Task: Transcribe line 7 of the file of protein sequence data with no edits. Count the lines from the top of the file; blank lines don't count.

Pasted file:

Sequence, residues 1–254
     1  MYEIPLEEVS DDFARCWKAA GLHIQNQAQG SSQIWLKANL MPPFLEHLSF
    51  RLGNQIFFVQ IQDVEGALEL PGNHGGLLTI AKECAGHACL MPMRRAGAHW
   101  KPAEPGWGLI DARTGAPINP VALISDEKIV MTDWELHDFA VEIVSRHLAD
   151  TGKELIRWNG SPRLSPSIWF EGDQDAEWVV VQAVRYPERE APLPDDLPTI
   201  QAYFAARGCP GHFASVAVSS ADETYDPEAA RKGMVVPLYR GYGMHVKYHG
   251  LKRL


   251  LKRL